Re: [AD?] New Java version of CircleMUD

From: shay (
Date: 03/27/02

At 03:53 AM 3/27/2002 -0800, you wrote:
>On Sun, 24 Mar 2002, Shay wrote:
> > It depends on how you setup the threads and how much you keep static.
>Yes and no.  Let's be clear, here.  I'm not saying multithreading is,
>across the board, an inferior model.  The parallelism is quite important
>in many domains.  Massive parallelism, which is what a thread/connection
>truly is, has fewer application domains and, more importantly, is wholly
>inappropriate for a great many.  The problems are many and more than can
>be reasonably discussed on the Circle list.  We need to consider both the
>number of thread contexts and the cost of the context switch.  In the
>thread/connection model, the context switch overhead might be low, but the
>number of context switches can be problematic (thrashing and
>synchronization issues come to mind).
>For I/O bound applications -- which a Mud (along with damn near any other
>Internet service) is -- we want to exploit concurrency, not parallelism,
>and thus multiplexing and not multithreading.  This does NOT mean we
>cannot exploit parallelism for parts of our application.  Instead, it
>merely suggests that we need to look at different *models* of parallelism
>than the naive strategy Java formerly forced people into using.
> > I'll admit that not every turn requires computation, but when it comes
> > to things like battles, they can be.
>The issue is not whether a turn is computationally expensive, but whether
>a turn for *every* connection is computationally expensive.  Note that in
>setting aside a complete separate context for *each* user, we're saying
>that for each I/O cycle in which this thread becomes active it might be
>doing something which takes significant time.  If the cost of a context
>switch is not a small fraction of the computation time, we start to run
>into trouble.

>If we're worried that combat calculations will cause latency, then we can
>set aside a single thread for those calculations.  In this way, we
>eliminate the latency caused by the little bubbles of inactivity between
>polling for I/O, sleeping, and processing the combat events.  It's hard,
>however, for me to imagine a combat system that is so computationally
>expensive that it merits such treatment.  If you're getting noticeable lag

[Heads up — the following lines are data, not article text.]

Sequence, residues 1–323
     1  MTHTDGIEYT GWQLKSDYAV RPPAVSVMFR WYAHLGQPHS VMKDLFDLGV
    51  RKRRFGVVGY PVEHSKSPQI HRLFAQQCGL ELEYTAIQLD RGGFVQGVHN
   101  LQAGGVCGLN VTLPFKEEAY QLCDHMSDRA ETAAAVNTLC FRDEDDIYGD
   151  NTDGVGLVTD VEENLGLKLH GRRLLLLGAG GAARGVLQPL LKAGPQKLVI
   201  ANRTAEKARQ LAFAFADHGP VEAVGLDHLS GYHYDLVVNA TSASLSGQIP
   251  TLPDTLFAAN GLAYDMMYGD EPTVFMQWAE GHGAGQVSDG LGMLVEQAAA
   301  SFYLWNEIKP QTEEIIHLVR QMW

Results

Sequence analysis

>due to combat, you might look for algorithmic improvements before
>attempting optimization of any sort (but especially MT, which introduces
>separate engineering concerns like synchronization).  If the lag is an
>unavoidable consequence of the system's complexity (why is it that
>complex?!), then we might consider moving it to a separate thread with
>other feasibly expensive operations, such as global event processing.

I agree.  The approach I have decided to go with is using a MUX for
players, and
threads for certain computations..  Like battles..  I prefer to use threads for
battles so that it wont effect the world time as much.  I'm not going to worry
about adding it in till after alpha however.

> > Funny, I think C is ugly..
>It is, of course, but in a different way than Java.  C is ugly because of
>syntactical warts and the preprocessor-fu needed to gain modularity (such
>ad-hockery is counterproductive -- I cannot count the number of times my
>zone has been broken by such meta-concerns as file organization), but for
>a procedural language it's fairly complete.  My biggest problem with Java
>is its feature set (although I'm not crazy about its overly verbose
>syntax, either; despite how it might seem, I'm not *that* fond of typing).
>To put it succinctly, Java feels too much like a neutered C++ for my
>tastes (but note that I'm admitting this is subjective; I darest not pass
>this opining off as a fair, objective comparison of the languages, nor do
>I want to see that topic raised).

Ahh.. come on..  I've used both for years..  I dont mind debating.. :)


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